(As an aside, in my last message I said I would talk about how the new Presidential administration plans to spend your tax dollars. I still intend to address that in the coming weeks.)
If we go back to a year ago, the Fed’s stated intentions were to regularly increase interest rates until they reach a “normal” level. Specifically, they said they intended to increase interest rates by about 1% per year (assumed to be generally ¼% per calendar quarter) until interest rates were “normalized”. As we can see from the graph above, until the turn of this century and the era of below-market interest rates began, “normal” interest rates generally averaged at least 5%.
A year ago I expressed my doubts about whether the Federal Reserve would carry through on its stated goals. (If you feel so inclined, you might want to go back and read that article I wrote a year ago. Since there has been almost no change in Fed actions, the words I wrote then seem as appropriate today.)
I wrote this in that message the last week of 2015,”The recent increase in the Fed Funds Rate changes almost nothing. It’s too little and too late. In fact, it guarantees more of the same. The Federal Reserve will never raise interest rates to a normalized level again. It can’t. There’s too much debt, too much of the economy and financial assets leveraged to a world of ultra-low interest rates, too little in the way of economic fundamentals and too many individuals, businesses and governments addicted to and dependent upon cheap money.”
I then compared the path that the U.S. was taking with Japan, who has a longer history of negligible and negative interest rates and the many “benefits” resulting from them. Like Japan, the U.S. is now trapped in a world of low interest rates. If we again look at the graph above we notice that in nearly every economic expansion over the last 60 years, the Fed’s interest rate (and by extension most others), was allowed to increase. In nearly all of that U.S. history, interest rates generally fell during recessionary periods (white horizontal shaded areas), as would generally be expect by market forces, and resumed their upward climb in the years in the years of economic expansion, which would also be expected with market interest rates, when they are not distorted. (The only exception before the year 2000 was during the latter period of the 1980s, simply because interest rates had been driven to extraordinarily high levels in the late 1970s to break the back of inflation. Even so, interest rates were still higher by the end of the 1980s than in the mid-1970s.)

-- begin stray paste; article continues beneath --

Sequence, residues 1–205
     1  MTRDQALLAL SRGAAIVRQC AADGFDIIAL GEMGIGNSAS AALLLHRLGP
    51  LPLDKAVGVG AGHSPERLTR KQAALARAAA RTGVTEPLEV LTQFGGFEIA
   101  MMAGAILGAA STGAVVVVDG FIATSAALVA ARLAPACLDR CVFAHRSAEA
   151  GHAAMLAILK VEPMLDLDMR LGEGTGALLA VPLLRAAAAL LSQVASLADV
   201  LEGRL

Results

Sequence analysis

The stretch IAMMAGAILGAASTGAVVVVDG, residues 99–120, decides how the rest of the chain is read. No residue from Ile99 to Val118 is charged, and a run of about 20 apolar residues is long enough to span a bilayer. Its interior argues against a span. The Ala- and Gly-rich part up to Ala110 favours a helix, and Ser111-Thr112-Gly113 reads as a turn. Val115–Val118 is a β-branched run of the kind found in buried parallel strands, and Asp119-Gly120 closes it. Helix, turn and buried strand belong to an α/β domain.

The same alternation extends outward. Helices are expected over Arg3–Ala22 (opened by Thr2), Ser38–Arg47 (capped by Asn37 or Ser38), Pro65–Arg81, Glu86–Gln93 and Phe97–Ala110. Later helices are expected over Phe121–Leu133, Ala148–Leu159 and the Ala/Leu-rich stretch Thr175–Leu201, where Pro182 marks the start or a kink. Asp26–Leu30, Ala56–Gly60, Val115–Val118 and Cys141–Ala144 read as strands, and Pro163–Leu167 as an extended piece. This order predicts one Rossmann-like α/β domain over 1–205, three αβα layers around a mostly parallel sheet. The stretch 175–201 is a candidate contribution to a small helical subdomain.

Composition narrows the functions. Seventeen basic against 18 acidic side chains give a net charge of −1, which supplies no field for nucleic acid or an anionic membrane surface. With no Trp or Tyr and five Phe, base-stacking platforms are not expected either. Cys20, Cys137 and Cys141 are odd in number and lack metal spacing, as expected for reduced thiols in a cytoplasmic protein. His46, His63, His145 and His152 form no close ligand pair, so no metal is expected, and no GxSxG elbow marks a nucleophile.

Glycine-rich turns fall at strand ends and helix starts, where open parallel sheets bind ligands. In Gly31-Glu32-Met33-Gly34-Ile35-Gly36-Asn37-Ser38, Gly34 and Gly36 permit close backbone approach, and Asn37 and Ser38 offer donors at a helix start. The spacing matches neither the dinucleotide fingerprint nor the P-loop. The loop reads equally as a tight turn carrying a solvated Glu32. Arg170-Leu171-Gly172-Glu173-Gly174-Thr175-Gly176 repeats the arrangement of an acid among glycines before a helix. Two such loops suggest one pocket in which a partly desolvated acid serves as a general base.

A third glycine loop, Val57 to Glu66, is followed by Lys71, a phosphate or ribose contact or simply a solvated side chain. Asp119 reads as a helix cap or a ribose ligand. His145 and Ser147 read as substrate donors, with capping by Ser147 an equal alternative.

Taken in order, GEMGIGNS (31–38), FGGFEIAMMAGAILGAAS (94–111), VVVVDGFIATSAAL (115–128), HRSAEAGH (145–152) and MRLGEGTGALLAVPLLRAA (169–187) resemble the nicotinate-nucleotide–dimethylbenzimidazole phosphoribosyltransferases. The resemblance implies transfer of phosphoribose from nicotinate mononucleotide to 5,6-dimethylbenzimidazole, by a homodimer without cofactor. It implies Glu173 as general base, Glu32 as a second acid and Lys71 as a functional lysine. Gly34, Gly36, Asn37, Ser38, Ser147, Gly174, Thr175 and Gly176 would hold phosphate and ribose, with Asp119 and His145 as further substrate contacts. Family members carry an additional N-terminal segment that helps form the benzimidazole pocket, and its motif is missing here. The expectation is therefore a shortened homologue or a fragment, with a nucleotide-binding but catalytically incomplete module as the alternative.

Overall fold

But notice how the interest rate increases since this last recession has been different. In every other post-recessionary period, the Fed Funds rate was again increasing within three years after the end of each recession. This time however, it would be more than seven years before the Fed Funds rate was increased. And that increase was trivial at best, just 0.25% increase, followed by an equally small increase a full year later. (There have been at least ten times in modern history when the Fed has increased rates by more than 3.0% within a year, dozens of examples of 1.0% or more.) At today’s sluggish rate of rate increases it will be more than a decade before rates are approaching normal levels. But as I pointed out a year ago here and other times, interest rates will never reach normal levels. They simply can’t be allowed to do so.
Outsized debt plus normal interest rates equals a broken budget
The difference between earlier economic periods and today is the level of outstanding debt in the U.S. It is immense at every level, but if we just look at Federal debt, we see the eight-fold increase from about $2.5 trillion in 1988 to about $20 trillion today. (Outstanding federal debt includes both “publicly” held debt – T-bills, Treasury Bonds, etc. – and “intragovernmental” holdings – mostly past Social Security that have been borrowed – and spent – by the federal government. Technically, the government pays interest on that intragovernmental debt, but that is essentially paying interest to itself.)
This graph also shows interest costs on federal debt (including that on “intragovernmental” debt). We see that while debt levels have increased about eight times in less than 30 years, the increase in yearly interest due on that debt has been much less, roughly doubling over the same period. This is solely a function of decreasing interest rates over that same period. Looking back to that earlier graph, in 1988, the government was paying nearly 10% a year on its debt; today it’s an average of about 2%. Without that steady decline in interest rates, the government’s interest costs would be astronomical today. These declining interest rates may be the primary reason the government has been allowed to accumulate such ridiculous levels of debt. In 1988 the government paid about $220 billion in interest costs on about $2.5 trillion of debt. Paying the same interest rate today, would amount to nearly $2.0 trillion in yearly interest costs on its massive debt. Instead, with its artificially lowered interest rates, interest costs on debt are barely one-fifth that level. Although there are other reasons, this is a primary reason the Federal will never normalize interest rates.